There are complexities on trusts that last more than 21 years or trusts that have non-resident beneficiaries or non-resident trustees.
Most often, a testamentary trust is created with funds or assets from the estate, but it can also be funded with life insurance proceeds.
Testamentary trusts, must file annual income tax returns and pay tax on income and capital gains that are not paid or payable to a beneficiary during the year.
Ongoing expenses of a trust include preparation of the annual tax returns for the trust and for documenting the various decisions of the trustees. Fees may also be charged by the trustees.
Every 21 years, the trust will be deemed to dispose of all its capital property, and tax must be paid on any accrued gains. If property is distributed to beneficiaries, the capital gains would then be deferred until the beneficiary disposes of the property.
Unless otherwise specified in the Will, the executors (or alternate executors) would be the trustees of each child’s trust.
For tax purposes, a trust is generally considered to be resident where the trustee who manages or controls the assets of the trust resides. Considerable tax complexities arise if the trustee is not physically present in Canada.
For maximum flexibility, the trustees of each child’s trust could be given complete discretion to pay as much of the income of the trust to (or for the benefit of) any beneficiary of the child’s trust as the trustees consider advisable. To ensure that the payment of income is completely discretionary, we recommend that the word “shall” or other directive words not be used in the clause in connection with payments out of the trust.
Note that for tax purposes, capital gains are generally treated as income. Under trust law, however, capital gains are considered to be capital, so that the trustees could only distribute these to capital beneficiaries of the trust. Thus, the will should define what is to constitute income of the trust for trust purposes.
The best way to maximize the tax and other advantages of a testamentary trust for the benefit of the child or other beneficiaries would be to set up the trust to provide for only discretionary payments of capital.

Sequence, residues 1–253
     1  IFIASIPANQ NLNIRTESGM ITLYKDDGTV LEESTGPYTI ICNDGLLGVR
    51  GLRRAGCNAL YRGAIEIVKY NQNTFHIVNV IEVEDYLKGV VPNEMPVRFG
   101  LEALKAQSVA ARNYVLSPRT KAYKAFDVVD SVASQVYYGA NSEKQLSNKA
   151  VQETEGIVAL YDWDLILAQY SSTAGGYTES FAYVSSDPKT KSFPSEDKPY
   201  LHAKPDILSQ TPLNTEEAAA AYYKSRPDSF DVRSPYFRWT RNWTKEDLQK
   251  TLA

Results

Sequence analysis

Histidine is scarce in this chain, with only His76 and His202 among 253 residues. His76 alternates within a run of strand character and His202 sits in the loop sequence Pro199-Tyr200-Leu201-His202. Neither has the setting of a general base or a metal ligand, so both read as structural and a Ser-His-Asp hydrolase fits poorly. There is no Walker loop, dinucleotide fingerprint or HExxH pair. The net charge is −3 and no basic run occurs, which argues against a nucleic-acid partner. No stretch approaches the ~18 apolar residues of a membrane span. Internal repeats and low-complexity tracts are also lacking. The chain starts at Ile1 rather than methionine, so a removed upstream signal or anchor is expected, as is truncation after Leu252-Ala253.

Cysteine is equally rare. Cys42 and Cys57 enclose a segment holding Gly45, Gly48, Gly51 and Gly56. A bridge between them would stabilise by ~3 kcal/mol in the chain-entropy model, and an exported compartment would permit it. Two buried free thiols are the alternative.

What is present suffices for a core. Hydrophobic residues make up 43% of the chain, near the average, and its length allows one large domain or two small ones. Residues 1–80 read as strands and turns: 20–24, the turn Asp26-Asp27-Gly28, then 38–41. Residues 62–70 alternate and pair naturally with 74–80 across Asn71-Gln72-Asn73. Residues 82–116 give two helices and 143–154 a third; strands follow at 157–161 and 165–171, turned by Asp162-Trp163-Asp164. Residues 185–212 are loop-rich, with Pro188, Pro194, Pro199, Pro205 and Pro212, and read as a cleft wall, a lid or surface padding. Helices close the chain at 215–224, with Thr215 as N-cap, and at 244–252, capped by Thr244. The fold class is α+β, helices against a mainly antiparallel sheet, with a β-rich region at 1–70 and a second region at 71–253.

The Will might provide that on the child’s death, that child’s trust could continue for the benefit of someone else.
If your spouse made enough contributions, you may be entitled to a survivor's pension under the Canada Pension Plan (CPP). This is a monthly payment.
If your spouse contributed to CPP, the plan also offers a one-time payment to help pay funeral and other costs related to your spouse’s death. This is called a “death benefit”. The payment goes to the person or people who pay those costs. This might be the person who administers the estate, the surviving spouse, or next of kin.
Under Ontario law, you may also be entitled to other payments upon the death of your spouse, depending on the cause of death. If your spouse was killed on the job, you can apply for workers' compensation benefits. If they died as a result of someone else's criminal act, you can apply for criminal injuries compensation. Each type of compensation has different rules about who can qualify.
The Canada Pension Plan (CPP) death benefit is a one-time, lump-sum payment to the estate on behalf of a deceased CPP contributor.
To apply, you must complete the Application for a Canada Pension Plan Death Benefit (ISP1200), include certified true copies of the required documentation, and mail it to the closest Service Canada Centre to you. Addresses are provided on the form.
The Canada Pension Plan (CPP) survivor's pension is paid to the person who, at the time of death, is the legal spouse or common-law partner of the deceased contributor.
To apply, you must complete the Canada Pension Plan survivor's pension and children's benefits application form (ISP1300) and mail it to us.
Learn more about Power of Attorney and Living wills
What do I mean by "improving" wills? I mean writing wills so that they can be more easily understood. I mean getting rid of unnecessary and archaic language. I mean getting rid of tangled mind bending streams of words. The centuries old stranglehold lawyers have had on the language of the law is slowly breaking down.
"Must" means the same as "shall" and is being used in legislation. The use of "must" and writing in the present tense will do much to improve the readability of wills.
Replace This: With This: at that point in time then by virtue of by in the event that if subsequent to after for the period of for
"And/or" has been looked at several times. No definitive conclusion was reached about what the expression means. Therefore don't use it.
Use real names not impersonal ones. To make sure precision is not lost, the definition section could say: In my Will "Jane" means my wife, Jane Doe.
Put the definition section at the end of the will.
He also gives specific examples of standard clauses.
By appointing a non-resident of Canada as the sole executor/liquidator of your estate, the Canada Revenue Agency (CRA) may consider your estate to be a non-resident of Canada.
You can leave a gift of money to anyone you want to in your will, whether or not he is the executor. You would simply say "I leave $100,000 to Jack". If it's a gift, the recipient of the money doesn't have to pay income tax on it.
If you say “I leave $100,000 to Jack as a gift to thank him for all his hard work on the estate” then CRA will consider it earned and would require Jack to pay income tax.
You may decide to leave your executor a gift without mentioning the work on the estate to avoid Jack having to pay tax on the money. The downside for not mentioning an executor's fee is that Jack would be entitled to claim an executor fee in addition to the "gift".